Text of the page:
Cyclin Dependent Kinases (CDKs) play a central role in the eukaryotic cell cycle. The activation of these kinases is modulated by the expression and binding of their regulatory cyclin partners. Their key role in cell cycle progression, coupled to evidence that pathways leading to their activation are deregulated in a number of human cancers makes them attractive therapeutic targets. More recently the role of CDKs 7, 8 and 9 in the regulation of transcription has been explored. CDK9 has been shown to play a role in the regulation of transcription via phosphorylation of RNA polymerase II (RNA pol II). The outcome of transcriptional inhibition via CDK9 exhibits significant variation between cell lines. B-Cell lymphoproliferative disorders, including CLL, rely on the expression of transcripts with a short half-life such as Mcl-1, Bcl-2 and XIAP for survival. In vitro studies have demonstrated that compounds with transcriptional inhibitory effects are effective pro-apoptotic agents in models of this disease.

AT7519 is a potent inhibitor of cyclin dependent kinases 1, 2 and 9 and is currently in early phase clinical development. These studies profile the mechanism of action of AT7519 on CLL cells isolated from patients. Primary cell samples were isolated from a total of 15 patients with CLL with various stages of disease (8 Stage 0, 0/I or II and 7 Stage IV) and who were either treatment naïve or had received a variety of prior therapies. Patient samples were characterised for cytogenetic abnormalities (11q, 17p and 13q deletion or trisomy 12) as well IgVH mutation and ZAP70 expression.

AT7519 was shown to induce apoptosis (by MTS, morphology and PARP cleavage) in these samples at concentrations of 100–700nM. AT7519 appears equally effective at inhibiting the survival of CLL cells harbouring a variety of mutations including those representative of patients that fall within poorer prognosis treatment groups. The amount of AT7519 required to induce cell death in 50% of the CLL cell population increased as exposure time was decreased but significant cell death was obtained at doses approximating to 1uM following 4–6h of treatment. These doses are equivalent to exposures achieved in ongoing AT7519 clinical studies indicating that cytotoxic doses can be achieved in patients on well tolerated schedules.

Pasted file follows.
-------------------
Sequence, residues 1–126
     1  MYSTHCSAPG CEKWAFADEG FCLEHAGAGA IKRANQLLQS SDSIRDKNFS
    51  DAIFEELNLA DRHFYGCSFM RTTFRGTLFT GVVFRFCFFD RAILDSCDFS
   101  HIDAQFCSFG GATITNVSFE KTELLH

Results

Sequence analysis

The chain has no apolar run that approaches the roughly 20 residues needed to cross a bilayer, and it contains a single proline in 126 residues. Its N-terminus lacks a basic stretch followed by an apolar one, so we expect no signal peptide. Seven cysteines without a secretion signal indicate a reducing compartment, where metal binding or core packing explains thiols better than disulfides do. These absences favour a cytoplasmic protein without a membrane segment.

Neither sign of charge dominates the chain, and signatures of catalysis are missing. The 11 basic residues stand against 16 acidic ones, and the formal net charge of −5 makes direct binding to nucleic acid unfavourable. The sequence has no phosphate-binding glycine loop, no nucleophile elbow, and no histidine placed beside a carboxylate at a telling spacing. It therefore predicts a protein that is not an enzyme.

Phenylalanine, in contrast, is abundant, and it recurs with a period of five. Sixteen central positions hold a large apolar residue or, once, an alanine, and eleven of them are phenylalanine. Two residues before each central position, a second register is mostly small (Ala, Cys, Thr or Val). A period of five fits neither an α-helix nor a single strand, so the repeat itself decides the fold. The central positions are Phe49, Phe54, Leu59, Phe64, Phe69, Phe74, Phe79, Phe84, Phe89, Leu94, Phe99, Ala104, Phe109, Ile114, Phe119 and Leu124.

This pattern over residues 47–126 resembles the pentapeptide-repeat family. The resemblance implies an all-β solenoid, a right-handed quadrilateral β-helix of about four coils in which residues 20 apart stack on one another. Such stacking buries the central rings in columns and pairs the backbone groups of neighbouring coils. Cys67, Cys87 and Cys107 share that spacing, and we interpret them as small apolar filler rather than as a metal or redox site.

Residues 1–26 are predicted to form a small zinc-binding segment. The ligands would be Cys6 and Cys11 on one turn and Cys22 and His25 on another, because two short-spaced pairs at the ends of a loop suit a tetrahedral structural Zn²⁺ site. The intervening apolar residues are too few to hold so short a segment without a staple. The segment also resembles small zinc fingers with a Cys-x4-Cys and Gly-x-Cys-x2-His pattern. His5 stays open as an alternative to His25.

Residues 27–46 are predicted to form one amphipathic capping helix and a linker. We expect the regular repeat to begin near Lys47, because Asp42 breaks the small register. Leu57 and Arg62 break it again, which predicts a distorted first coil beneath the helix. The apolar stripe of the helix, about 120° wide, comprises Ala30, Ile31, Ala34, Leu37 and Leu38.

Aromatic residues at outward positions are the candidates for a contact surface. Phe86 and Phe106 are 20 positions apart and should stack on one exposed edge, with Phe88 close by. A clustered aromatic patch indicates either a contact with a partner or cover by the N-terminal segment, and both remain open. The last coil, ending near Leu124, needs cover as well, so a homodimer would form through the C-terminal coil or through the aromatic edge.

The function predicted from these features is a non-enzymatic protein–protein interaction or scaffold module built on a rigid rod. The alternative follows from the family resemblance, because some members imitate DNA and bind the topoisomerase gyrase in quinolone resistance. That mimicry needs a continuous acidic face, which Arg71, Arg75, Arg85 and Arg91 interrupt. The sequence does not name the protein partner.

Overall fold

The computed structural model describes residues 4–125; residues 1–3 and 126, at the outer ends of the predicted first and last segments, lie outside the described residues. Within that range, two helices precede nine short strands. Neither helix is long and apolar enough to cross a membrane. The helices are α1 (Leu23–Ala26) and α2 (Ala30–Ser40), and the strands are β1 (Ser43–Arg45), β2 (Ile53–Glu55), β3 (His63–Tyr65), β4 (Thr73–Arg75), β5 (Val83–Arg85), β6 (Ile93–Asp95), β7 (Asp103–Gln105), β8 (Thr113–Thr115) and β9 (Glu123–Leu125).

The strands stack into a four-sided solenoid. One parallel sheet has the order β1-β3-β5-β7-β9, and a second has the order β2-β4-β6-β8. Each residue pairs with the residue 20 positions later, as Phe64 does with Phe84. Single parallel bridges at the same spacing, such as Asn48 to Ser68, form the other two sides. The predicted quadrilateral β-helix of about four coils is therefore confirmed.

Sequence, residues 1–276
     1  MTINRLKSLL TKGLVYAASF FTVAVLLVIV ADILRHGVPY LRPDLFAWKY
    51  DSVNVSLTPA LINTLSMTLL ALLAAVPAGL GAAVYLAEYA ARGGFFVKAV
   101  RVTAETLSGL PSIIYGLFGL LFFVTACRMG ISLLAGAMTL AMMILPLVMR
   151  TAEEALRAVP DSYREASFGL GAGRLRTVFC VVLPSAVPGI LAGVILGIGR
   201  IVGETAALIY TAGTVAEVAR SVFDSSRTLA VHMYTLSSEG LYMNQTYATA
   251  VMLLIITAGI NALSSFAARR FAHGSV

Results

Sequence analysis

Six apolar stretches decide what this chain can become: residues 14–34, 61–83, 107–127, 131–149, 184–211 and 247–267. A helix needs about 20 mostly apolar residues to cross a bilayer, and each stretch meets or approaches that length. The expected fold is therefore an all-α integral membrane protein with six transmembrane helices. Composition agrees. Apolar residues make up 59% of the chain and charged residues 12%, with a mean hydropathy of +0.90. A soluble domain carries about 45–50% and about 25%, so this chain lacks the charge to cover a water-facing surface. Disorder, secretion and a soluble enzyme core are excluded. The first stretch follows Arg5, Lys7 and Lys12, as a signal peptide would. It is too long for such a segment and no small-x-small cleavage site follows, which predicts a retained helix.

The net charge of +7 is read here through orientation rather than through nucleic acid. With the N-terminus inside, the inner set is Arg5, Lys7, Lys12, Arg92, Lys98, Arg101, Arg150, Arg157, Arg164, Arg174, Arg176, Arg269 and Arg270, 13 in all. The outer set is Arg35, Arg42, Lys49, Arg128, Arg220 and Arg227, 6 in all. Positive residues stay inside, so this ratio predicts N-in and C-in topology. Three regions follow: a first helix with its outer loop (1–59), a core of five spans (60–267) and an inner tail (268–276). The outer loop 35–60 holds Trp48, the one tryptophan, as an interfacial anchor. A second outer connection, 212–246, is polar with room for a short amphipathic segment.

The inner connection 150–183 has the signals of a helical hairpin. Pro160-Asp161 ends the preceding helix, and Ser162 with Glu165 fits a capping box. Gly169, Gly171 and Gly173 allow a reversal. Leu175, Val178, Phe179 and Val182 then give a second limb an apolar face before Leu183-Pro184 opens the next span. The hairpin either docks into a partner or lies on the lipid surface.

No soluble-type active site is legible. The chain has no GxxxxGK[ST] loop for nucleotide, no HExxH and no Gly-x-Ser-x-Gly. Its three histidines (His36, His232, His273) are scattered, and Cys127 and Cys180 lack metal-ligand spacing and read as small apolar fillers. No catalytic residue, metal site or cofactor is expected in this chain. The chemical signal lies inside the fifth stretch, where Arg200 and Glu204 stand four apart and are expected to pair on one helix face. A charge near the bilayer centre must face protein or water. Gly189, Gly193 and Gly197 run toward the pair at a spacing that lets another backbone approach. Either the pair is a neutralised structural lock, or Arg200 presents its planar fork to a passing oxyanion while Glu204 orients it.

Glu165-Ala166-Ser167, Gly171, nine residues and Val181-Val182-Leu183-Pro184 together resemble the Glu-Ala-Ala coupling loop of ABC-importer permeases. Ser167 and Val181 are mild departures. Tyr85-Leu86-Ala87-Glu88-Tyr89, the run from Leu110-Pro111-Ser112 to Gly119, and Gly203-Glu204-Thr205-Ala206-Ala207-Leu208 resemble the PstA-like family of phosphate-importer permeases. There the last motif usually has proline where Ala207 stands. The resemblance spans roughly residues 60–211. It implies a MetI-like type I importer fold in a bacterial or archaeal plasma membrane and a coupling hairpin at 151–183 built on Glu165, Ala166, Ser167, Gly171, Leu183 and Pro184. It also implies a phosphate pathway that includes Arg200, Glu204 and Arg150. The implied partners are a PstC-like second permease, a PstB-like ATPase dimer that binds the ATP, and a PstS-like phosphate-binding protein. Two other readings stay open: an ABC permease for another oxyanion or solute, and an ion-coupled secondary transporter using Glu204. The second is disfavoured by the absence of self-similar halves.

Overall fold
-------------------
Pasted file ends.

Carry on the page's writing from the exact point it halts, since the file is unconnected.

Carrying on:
The mechanism of AT7519 cytotoxic effects was investigated by western blotting for a variety of cell cycle and apoptotic markers following incubation with compound. Short term treatments (4–6h) resulted in inhibition of phosphorylation of the transcriptional marker RNA pol II and the downregulation of the anti-apoptotic protein Mcl-1. Additional antiapoptotic proteins including XIAP and Bcl-2 remained unchanged. The reduction in Mcl-1 protein levels was associated with an increase in the apoptotic marker cleaved PARP.

No inhibition of cell cycle markers such as phospho-retinoblastoma protein was observed in the same samples suggesting that the cytotoxic effects of AT7519 in CLL patient samples is due to its transcriptional activity alone.

Together the data suggest AT7519 offers a promising treatment strategy for patients with advanced B-cell leukemia and lymphoma.

Disclosures: Lock:Astex Therapeutics: Employment. Yule:Astex Therapeutics: Employment. Thompson:Astex Therapeutics: Employment. Lyons:Astex Therapeutics: Employment. Squires:Astex Therapeutics: Employment. Mahadevan:Astex Therapeutics: Membership on an entity’s Board of Directors or advisory committees, Research Funding.

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